1894 Colonial Conference
|1894 Colonial Conference|
|Dates||28 June–9 July 1894|
|Venue(s)||Senate Chamber and
Office of the Minister of Trade & Commerce
(Canadian Minister of Trade and Commerce)
|Follows||First Colonial Conference (1887)|
|Precedes||1897 Colonial Conference|
Pacific cable, preferential trade
The Colonial Conference of 1894 was called by the government of Canada to continue discussion begun at the First Colonial Conference in 1887 on a proposal to lay a telegraph cable at the bottom of the Pacific Ocean to create a communications link between Canada and Australasia and, by extension, to the rest of the British Empire as part of what became referred to as the All Red Line network of cables throughout the Empire.
The opening ceremonies were in the Senate Chamber in the Centre Block of the Canadian parliament buildings but day-to-day meetings occurred in the offices of the Minister of Trade and Commerce.
The Earl of Jersey attended the conference as the representative of the British government and was instructed to listen and report back but not to make any commitments on behalf of the government.
All self-governing British colonies were invited to send delegates with the exception of Newfoundland Colony. Western Australia and Natal Colony did not send representatives due to domestic priorities. The colony of Fiji was also invited due to its geographical location on the proposed route of the cable but declined. Delegates were sent to the conference by Canada, New Zealand, the Australian self-governing colonies of New South Wales, Queensland, South Australia, Tasmania and Victoria and the South African colony of Cape Colony. Unlike other colonial conference, the colonial delegates were cabinet ministers or legislators or government representatives rather than Prime Ministers.
Resolutions were proposed to the conference and it was agreed that decisions would be made on the basis of "one colony, one vote" but the resolutions were not binding on the British government or the Colonial Office.
In addition to discussing telecommunications issues, the conference also approved a resolution favouring preferential trade within the Empire, however, this resolution was opposed by Australia's largest colonies, New South Wales and Queensland, who were suspicious the Canadian initiative seemed designed to undermine Australia's protective tariffs. The proposal would be made again to the 1897 Colonial Conference but was not agreed to and would not be acted upon until the British Empire Economic Conference in 1932.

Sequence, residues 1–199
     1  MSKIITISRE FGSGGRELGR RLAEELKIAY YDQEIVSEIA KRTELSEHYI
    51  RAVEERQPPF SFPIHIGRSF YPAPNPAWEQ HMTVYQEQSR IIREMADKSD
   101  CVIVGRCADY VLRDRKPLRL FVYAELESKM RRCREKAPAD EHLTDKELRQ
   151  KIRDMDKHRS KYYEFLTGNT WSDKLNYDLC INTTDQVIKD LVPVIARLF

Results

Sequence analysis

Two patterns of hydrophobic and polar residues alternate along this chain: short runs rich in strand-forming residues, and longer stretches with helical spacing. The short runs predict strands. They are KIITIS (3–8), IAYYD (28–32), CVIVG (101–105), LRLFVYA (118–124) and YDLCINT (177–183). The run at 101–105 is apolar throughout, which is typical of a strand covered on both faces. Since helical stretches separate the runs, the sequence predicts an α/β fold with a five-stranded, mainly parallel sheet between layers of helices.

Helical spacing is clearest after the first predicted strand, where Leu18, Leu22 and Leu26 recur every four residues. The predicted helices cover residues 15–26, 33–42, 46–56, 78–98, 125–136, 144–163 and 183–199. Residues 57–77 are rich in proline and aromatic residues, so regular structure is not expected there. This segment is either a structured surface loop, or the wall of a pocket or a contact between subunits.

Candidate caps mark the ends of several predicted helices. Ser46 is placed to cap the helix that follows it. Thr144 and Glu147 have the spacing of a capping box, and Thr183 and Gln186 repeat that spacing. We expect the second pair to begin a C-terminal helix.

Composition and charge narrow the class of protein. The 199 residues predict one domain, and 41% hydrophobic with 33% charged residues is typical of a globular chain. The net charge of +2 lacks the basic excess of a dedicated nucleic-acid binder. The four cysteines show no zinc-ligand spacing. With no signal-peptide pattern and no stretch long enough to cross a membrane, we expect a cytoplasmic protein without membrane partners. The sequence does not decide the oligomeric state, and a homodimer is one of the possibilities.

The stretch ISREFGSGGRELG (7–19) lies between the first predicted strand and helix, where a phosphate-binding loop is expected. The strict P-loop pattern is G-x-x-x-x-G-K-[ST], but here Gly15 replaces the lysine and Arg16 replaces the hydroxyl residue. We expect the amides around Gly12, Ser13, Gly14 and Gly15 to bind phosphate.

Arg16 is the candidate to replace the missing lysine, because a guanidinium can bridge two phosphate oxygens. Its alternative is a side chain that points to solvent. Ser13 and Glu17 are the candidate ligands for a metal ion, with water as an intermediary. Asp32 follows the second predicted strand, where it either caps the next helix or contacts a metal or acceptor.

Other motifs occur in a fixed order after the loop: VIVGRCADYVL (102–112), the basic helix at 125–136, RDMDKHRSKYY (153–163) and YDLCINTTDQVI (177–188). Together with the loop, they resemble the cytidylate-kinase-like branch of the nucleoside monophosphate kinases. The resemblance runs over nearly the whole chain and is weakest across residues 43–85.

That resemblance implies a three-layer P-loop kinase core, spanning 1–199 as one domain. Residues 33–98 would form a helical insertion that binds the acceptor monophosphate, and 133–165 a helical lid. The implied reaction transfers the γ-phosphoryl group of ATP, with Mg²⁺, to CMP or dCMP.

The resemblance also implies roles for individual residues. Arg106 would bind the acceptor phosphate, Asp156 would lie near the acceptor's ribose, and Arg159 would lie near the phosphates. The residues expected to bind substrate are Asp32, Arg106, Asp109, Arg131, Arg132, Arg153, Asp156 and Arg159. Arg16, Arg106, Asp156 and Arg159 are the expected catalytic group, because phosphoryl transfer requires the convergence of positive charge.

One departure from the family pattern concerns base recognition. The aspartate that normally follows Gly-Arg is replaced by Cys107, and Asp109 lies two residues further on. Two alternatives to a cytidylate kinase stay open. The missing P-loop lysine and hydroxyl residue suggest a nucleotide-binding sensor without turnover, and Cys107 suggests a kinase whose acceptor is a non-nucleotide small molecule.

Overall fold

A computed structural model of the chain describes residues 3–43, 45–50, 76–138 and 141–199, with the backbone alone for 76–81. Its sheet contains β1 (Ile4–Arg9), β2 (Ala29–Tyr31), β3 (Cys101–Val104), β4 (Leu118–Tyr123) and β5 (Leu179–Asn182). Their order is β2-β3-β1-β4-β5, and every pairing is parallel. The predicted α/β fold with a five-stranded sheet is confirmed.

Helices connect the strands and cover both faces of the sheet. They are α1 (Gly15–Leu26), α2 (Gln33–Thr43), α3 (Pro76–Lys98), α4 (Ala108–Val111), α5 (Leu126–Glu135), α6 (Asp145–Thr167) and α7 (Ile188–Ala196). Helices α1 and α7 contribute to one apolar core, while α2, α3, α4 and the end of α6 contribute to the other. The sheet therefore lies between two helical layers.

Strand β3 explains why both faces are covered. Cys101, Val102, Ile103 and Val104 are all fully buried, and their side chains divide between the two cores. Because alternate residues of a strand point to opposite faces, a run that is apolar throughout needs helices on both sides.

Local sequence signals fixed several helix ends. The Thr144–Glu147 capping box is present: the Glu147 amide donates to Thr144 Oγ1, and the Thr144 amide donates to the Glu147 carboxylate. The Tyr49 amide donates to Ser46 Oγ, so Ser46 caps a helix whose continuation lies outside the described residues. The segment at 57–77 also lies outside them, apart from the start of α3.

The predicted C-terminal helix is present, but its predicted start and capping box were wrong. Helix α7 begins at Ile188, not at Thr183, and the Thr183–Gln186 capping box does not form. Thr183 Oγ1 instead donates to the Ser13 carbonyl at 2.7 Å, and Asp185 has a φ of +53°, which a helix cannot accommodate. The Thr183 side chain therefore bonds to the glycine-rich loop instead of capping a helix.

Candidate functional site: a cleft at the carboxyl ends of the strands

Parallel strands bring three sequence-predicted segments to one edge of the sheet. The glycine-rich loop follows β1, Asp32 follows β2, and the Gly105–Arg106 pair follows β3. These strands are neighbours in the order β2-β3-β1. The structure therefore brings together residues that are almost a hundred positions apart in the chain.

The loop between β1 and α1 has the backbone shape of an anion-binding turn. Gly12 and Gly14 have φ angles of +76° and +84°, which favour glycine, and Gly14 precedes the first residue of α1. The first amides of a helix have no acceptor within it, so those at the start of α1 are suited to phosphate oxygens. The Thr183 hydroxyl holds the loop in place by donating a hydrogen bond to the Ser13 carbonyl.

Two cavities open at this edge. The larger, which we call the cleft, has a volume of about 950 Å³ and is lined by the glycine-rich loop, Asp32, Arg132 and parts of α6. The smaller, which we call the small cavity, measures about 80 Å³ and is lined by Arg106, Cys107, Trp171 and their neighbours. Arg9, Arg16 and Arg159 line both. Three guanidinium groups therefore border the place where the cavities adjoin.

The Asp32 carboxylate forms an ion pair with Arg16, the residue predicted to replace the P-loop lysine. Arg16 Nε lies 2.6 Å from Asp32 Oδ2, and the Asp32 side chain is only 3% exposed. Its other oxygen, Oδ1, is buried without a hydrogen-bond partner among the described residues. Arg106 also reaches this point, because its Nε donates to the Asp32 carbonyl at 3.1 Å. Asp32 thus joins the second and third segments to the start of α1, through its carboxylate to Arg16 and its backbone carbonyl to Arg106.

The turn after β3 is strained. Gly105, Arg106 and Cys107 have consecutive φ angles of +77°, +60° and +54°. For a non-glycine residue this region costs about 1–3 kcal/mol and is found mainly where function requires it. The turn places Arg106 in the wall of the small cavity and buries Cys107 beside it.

The conference was hosted by the Dominion of Canada with representatives of the governments of various colonies in attendance.
|United Kingdom||Earl of Jersey||Representing the British government|
|Canada||Mackenzie Bowell||Minister of Trade and Commerce|
|Sir Adolphe-Philippe Caron||Postmaster-General|
|George Eulas Foster||Minister of Finance|
|Cape Colony||Sir Henry de Villiers||Chief Justice of the Cape Colony|
|Jan Hendrik Hofmeyr||Member of the Cape House of Assembly|
|Sir Charles Mills||Agent-General|
|New South Wales||Francis Bathurst Suttor||Minister of Public Instruction|
|Colony of New Zealand||Alfred Lee Smith||Delegate of the New Zealand government|
|Queensland||Andrew Joseph Thynne||Minister without portfolio and Member of the Queensland Legislative Council|
|William Forrest||Member of the Queensland Legislative Council|
|South Australia||Thomas Playford||Agent-General|
|Colony of Tasmania||Nicholas Fitzgerald||Delegate (representing Tasmania and Victoria)|
|Victoria||Sir Henry John Wrixon||Member of the Victorian Legislative Assembly|
|Nicholas Fitzgerald||Member of the Victorian Legislative Council|
|Simon Fraser||Member of the Victorian Legislative Council|
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